• The skinny: It's pretty rare that two teams ever play each other twice in a row, but USC and Fresno State will have that chance. The two faced off in last season's finale -- the Royal Purple Las Vegas Bowl, in which USC ran away with a 45-20 victory -- and they'll kick off the 2014 season together as well. But there's one very big difference between the team that put up 20 on USC and the team that'll take the field on Aug. 30 -- Fresno State doesn't know who its QB will be. They need to replace Derek Carr (5,082 yards, 50 TDs) and though they have options (junior Brian Burrell and Duke transfer Brandon Connette, among others), it's not looking great. Especially since they'll be welcomed to the post-BCS era by Leonard Williams and the rest of the USC defense.
At Boston College, Saturday, Sept. 13
  • Coach: Steve Addazio (7-6), second season
  • 2013 record: 7-6, 4-4 ACC
  • Returning starters: 4 offense, six defense
  • Offensive headliner: Florida QB transfer Tyler Murphy, who finished the spring season as the Eagles' top QB. At Florida, he started six games and completed 112 of 185 passes. Also worth noting that the only Boston College player to be on any of the Preseason All-ACC teams was center Andy Gallik, so he gets honorable mention here.
  • Defensive headliner: linebacker Steven Daniels. He was third on the team in tackles last season (88) and recorded 6.5 tackles for a loss and three sacks.
  • The skinny: The Eagles are coming off one of the most surprising seasons in college football, but Boston College was a much different team with 2013 Doak Walker Award winner Andre Williams. The Eagles aren't going to be able to replace Williams with just one guy, so they'll likely go for a back by committee approach, but the truth is that it probably won't be able to do too much against the USC front (especially considering BC's offensive line lost both tackles).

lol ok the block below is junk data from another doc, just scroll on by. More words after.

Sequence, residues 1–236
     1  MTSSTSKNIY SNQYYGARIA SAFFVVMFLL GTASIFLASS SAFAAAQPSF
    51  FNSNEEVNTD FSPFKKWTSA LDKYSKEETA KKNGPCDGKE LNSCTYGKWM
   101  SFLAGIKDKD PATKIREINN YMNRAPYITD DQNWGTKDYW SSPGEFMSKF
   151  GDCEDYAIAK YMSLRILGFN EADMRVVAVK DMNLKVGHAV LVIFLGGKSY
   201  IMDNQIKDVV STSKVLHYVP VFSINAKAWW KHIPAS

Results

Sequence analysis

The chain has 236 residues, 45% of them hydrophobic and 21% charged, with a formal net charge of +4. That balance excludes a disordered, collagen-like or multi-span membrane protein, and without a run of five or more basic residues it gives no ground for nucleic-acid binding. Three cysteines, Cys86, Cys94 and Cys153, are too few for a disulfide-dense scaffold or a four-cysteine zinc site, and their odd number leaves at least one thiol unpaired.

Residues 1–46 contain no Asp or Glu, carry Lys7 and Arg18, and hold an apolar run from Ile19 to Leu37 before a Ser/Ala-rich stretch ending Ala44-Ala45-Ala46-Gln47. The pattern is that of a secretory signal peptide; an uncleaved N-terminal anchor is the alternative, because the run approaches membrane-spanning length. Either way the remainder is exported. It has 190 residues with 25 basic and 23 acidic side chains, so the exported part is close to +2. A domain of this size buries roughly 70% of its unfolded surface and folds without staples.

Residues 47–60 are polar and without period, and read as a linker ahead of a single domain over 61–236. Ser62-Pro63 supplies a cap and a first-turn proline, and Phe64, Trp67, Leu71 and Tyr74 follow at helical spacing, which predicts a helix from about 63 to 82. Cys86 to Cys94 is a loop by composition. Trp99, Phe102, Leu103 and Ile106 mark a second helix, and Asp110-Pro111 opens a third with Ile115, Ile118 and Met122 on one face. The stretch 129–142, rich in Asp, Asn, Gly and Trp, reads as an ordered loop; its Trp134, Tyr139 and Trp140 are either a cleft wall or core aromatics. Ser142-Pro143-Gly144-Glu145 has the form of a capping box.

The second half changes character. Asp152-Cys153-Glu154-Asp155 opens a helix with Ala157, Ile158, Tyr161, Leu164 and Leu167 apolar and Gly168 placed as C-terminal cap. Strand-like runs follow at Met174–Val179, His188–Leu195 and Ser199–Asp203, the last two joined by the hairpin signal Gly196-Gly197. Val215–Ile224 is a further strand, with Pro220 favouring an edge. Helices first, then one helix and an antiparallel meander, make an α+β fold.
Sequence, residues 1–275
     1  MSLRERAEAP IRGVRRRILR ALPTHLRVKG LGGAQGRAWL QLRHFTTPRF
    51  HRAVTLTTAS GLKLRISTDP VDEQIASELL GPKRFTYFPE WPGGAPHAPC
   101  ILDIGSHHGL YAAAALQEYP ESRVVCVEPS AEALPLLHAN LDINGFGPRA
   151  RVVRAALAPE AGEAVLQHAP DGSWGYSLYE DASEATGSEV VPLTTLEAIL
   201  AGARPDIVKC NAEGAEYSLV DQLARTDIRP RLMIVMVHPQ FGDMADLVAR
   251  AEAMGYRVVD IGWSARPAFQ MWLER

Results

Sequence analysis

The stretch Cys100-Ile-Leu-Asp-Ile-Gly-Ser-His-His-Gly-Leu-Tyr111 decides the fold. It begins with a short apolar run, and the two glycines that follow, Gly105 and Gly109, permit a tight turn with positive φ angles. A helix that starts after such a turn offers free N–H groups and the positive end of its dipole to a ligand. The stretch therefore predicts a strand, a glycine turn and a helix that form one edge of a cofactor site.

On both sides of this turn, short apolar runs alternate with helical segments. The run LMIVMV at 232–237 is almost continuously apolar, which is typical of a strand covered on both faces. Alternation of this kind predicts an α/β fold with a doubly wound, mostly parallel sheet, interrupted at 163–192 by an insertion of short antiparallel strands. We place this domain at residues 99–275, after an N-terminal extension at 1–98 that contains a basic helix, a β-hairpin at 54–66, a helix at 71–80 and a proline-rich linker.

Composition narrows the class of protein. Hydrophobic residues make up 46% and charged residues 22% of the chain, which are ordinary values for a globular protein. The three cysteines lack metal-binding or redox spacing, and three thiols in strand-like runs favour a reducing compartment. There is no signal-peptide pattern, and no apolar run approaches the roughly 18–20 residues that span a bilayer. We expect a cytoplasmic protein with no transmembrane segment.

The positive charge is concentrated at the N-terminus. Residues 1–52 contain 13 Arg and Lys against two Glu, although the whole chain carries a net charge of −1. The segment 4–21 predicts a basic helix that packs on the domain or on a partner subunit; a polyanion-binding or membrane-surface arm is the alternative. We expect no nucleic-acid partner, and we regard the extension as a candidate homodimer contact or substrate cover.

Notre Dame, Saturday, Nov. 29
  • Coach: Brian Kelly (37-15), fifth season
  • 2013 record: 9-4
  • Returning starters: 6 offense, 5 defense
  • Offensive headliner: quarterback Everett Golson. Golson was suspended from Notre Dame last year, but was readmitted to the school and reinstated to the football program following the 2013 season. Golson quarterbacked the Irish through the 2012 season and into the 2013 BCS title game, in which he completed 21 passes for 270 yards (but also threw just one touchdown to his one interception). He's mobile enough that defensive fronts are going to need to be honest and has a good enough arm that he'll be able to stretch the field.
  • Defensive headliner: linebacker Jaylon Smith. As a true freshman, Smith finished third on the team in tackles (67), including 6.5 tackles for a loss (second only to second round NFL draft pick, Stephon Tuitt). He'll be back and wreaking havoc all over the field for the Fighting Irish.
  • The skinny: This is a huge game every season and this season will be no different. Both USC and Notre Dame are in the early conversations for teams that could be in the mix for the inaugural College Football Playoff. And with this being the season finale for both teams, it could be a big statement for whichever teams walks away the winner.
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Defensive end Keisean Lucier-South planned to trim his considerable list of scholarship offers to a final five schools in early August, but just like he is on the field, the nation's No. 28 prospect was quick off the line, announcing his top five on Monday.